There’s something uncannily charming about Todd & the Book of Pure Evil. The show debuted last fall on the Space network and was filmed right here in Winnipeg. The series begins when Todd Smith, our unlikely hero, releases an ugly, evil book from a glass display cabinet in his own Crowley High School.
The book of pure evil — very aptly named — grants Todd his greatest wish: to be a famous, masterful, metal god. With his new skills, Todd first defeats the school jock/jerk in an intense guitar battle (by making the socially popular antagonist bleed out of his ass). Todd, who is now possessed by the book, hypnotizes and nearly kills his entire school in a bloody battle-of-the-bands competition. Todd’s best friend, Curtis, and his crush, Jenny, eventually swoop in to save the day. The three band together, soon to be joined by braniac Hannah, to try and find the book together.
And so begins the series.
The first episode is just the beginning. Season one follows the book as it finds its way into the hands of the lonely and the desperate at Crowley High. In the episode “Gay Day,” the school’s only open homosexual student uses the book to make every guy in the high school gay, inadvertently becoming straight in the process.
Later, in the episode “Monster Fat,” an overweight student wishes to be thin and uses the book get her wish. While showering, her fat melts away and she emerges from the school locker room a 10 out of 10 on the sexy scale. The leftover fat, however, becomes a hungry, murderous monster, turning anyone who touches it morbidly obese. “The Phantom of Crowley High,” easily my favorite episode, takes inspiration from The Phantom of the Opera, and Crowley High’s drama program puts on a wicked metal musical.
The final episode of the series ends with a bang: questions are answered, motives are revealed and friendships are tested. The story arch and the character development are top notch.
Early episodes of the show may leave you with a bad taste in your mouth. Todd & the Book of Pure Evil is filled with profanity, guts, gore, crass sexuality and drugs. The leading role is occupied by a stoner metalhead, with no ambition outside of rock-stardom and getting with school knockout, Jenny Kolinsky. Give the series a chance, however, and the characters begin to develop. Todd, once you get to know him, is a strangely charismatic leading man. Curtis is a fierce friend — not to mention a pretty great actor. Hannah, the nerd, learns about romance, emerging out of her science coat in hilarious and unexpected ways. Jenny, finally, proves to be much more than just sex appeal.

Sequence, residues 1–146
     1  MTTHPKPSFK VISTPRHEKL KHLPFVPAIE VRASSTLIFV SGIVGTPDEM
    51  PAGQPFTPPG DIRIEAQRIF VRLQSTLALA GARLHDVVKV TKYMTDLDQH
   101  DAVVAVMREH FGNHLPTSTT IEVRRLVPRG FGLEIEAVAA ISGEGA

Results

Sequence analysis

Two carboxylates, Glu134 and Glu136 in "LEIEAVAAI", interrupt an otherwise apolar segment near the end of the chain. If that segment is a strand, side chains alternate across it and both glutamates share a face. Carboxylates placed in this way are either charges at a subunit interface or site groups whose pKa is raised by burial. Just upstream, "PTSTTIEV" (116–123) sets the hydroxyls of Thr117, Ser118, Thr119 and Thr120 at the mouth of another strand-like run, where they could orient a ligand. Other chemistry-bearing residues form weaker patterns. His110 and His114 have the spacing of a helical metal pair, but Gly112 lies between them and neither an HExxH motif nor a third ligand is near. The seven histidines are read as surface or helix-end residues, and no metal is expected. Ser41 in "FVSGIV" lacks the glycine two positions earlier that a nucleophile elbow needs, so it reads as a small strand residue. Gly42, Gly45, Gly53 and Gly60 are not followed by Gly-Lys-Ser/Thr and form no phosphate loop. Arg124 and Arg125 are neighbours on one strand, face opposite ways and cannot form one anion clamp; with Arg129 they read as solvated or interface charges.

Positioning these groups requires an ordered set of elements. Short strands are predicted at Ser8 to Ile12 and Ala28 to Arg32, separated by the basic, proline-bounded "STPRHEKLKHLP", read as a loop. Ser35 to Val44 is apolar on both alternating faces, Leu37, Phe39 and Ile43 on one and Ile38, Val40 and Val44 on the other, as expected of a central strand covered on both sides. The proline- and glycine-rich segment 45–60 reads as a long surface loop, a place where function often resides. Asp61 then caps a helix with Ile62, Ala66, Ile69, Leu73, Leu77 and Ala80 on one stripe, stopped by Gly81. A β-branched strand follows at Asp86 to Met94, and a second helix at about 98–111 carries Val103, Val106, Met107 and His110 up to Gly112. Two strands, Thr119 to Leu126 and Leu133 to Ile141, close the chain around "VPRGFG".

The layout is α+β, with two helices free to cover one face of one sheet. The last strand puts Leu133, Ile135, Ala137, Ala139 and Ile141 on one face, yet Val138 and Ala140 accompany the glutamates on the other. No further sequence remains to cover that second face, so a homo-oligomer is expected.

Love, inner beauty, sexuality, parenthood and the nature of pure evil are only a few of the big issues that are examined over season one’s 13 episodes. With essential performances from Jimmy the janitor (Jason Mewes), Atticus the guidance councilor (Chris Leavins) and a trio of philanthropic stoners, Todd & the Book of Pure Evil will quickly win you over. Soon, you will be laughing hysterically in spite of yourself.
The severed heads, crushed bodies, goopy entrails, penis jokes and massive amounts of blood, blood, blood all become an essential part of the scenery.
Todd & the Book of Pure Evil has many of the same charms of Joss Whedon’s Buffy the Vampire Slayer — and as a huge fan of Buffy, this is the highest of compliments. Todd throws in some sex, gore and drugs, but both shows examine the lives of a small group of high school kids, with their own problems and inhibitions, as they combat the forces of evil . . . with mixed results.
The first season of Todd & the Book of Pure Evil was released Oct. 11 on DVD. Season two is set to debut Oct. 30, 9 p.m. (central time) on the Space channel.